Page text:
adventures-Robert Geiman (left) and Carl Boyer (right) meet at Starbuck's in Newhall to plan their next trip, aided and abetted by longtime friend Judy Belue, former director of development for the Boys & Girls Club of the Sanmta Clarita Valley.

Geiman (left) and Boyer meet at Starbuck’s in Newhall to plan their next trip, aided and abetted by longtime friend Judy Belue, former director of development for the SCV Boys & Girls Club.

Boyer was the acknowledged leader throughout the trip, which also involved helping a local school, Geiman said. “We had a great relationship with both teachers and students. We took a collection to purchase a rather costly welder for the school.”

“We are incredibly proud,” Johnson said, echoing the sentiments of her sisters Danielle and Michele. “Probably the most humbling thing about our father is that he never needed people to pat him on the back or say, ‘Good job.’ He just did it because that’s what he needed to do.”

Geiman observed Boyer’s selflessness on many occasions during their travels. As to why Boyer made such a good traveling partner in general, no matter the mission, “It was his total authenticity and openness,” he said.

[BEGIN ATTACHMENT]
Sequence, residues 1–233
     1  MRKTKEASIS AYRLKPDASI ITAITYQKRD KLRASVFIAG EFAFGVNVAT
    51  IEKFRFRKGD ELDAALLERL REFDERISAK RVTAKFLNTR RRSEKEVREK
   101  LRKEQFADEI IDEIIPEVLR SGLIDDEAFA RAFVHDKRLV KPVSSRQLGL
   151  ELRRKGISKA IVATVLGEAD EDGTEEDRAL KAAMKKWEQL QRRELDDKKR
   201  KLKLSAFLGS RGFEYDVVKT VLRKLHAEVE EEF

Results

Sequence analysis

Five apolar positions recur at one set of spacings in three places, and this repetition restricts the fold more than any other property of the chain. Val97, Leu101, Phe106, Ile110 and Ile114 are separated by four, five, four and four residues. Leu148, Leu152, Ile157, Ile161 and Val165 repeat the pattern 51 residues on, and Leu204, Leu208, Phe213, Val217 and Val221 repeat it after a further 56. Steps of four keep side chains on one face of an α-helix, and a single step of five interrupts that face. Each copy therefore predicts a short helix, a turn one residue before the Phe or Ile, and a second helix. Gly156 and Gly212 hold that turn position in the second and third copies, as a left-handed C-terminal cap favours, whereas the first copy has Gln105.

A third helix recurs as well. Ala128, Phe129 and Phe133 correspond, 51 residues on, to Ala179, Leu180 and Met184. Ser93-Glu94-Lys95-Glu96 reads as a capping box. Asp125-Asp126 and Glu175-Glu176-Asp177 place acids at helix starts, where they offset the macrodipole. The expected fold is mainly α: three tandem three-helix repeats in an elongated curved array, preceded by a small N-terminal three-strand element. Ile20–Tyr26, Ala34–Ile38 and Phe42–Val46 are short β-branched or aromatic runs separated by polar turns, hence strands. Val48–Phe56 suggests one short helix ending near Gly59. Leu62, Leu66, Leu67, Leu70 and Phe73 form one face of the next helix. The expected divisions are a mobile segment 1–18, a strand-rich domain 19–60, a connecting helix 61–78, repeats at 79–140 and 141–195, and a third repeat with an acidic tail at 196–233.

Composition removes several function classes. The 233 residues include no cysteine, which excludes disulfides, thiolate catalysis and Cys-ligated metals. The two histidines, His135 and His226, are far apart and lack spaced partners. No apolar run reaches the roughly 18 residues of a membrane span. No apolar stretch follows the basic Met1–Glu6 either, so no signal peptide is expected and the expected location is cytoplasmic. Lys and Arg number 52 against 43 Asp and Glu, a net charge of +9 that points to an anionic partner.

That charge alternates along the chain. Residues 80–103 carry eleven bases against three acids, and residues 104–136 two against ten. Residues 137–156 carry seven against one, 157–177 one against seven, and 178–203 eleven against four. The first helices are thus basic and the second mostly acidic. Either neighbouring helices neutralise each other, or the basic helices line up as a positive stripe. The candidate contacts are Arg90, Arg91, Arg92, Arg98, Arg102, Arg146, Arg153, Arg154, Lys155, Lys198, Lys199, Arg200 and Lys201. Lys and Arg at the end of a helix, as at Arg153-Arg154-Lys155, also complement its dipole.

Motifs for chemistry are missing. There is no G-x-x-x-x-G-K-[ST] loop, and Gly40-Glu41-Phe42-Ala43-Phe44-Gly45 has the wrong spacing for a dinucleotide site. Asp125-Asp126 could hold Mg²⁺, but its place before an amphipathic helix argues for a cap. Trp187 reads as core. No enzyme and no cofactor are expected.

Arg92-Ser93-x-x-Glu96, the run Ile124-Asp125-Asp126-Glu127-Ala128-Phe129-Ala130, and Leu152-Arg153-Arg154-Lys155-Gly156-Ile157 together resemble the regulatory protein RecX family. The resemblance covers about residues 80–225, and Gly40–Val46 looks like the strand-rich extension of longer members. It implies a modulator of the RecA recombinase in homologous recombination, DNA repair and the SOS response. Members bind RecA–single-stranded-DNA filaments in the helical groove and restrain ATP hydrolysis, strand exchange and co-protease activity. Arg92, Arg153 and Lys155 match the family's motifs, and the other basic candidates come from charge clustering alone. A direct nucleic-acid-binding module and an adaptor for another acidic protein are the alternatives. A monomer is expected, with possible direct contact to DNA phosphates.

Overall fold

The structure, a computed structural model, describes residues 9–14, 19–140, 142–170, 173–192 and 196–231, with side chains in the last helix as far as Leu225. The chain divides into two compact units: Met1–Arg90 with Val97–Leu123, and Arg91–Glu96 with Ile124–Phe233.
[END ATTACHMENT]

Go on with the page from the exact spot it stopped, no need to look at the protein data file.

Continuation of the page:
“He was such an easy person with whom to visit and just share perspectives,” Geiman said. “Along the way when we would encounter greatly unexpected circumstances, we might look at each other and say, ‘Remember!’ It was an invitation to remember the definition of adventure, and why we were there in the first place.

“I often said, ‘If you really want to become acquainted with someone, either get married or spend an extensive amount of time traveling,’ Geiman said. “I think, perhaps, I knew Carl as well as anyone other than his wife Chris and their three daughters. He was a total joy to know.”

On their 11 trips together, the country Boyer and Geiman visited most often was India, the first time in 2003. They made four trips there on behalf of Cultural Bridges International, an SCV International student exchange program, to Pinegrove School, a boarding school in the northern city of Chandigarh in the foothills of the Himalayan Mountains about five hours by road north of Delhi.

Stay tuned for more on Boyer and Geiman in India in Part 2 of “The Further Adventures of Carl Boyer” later this week.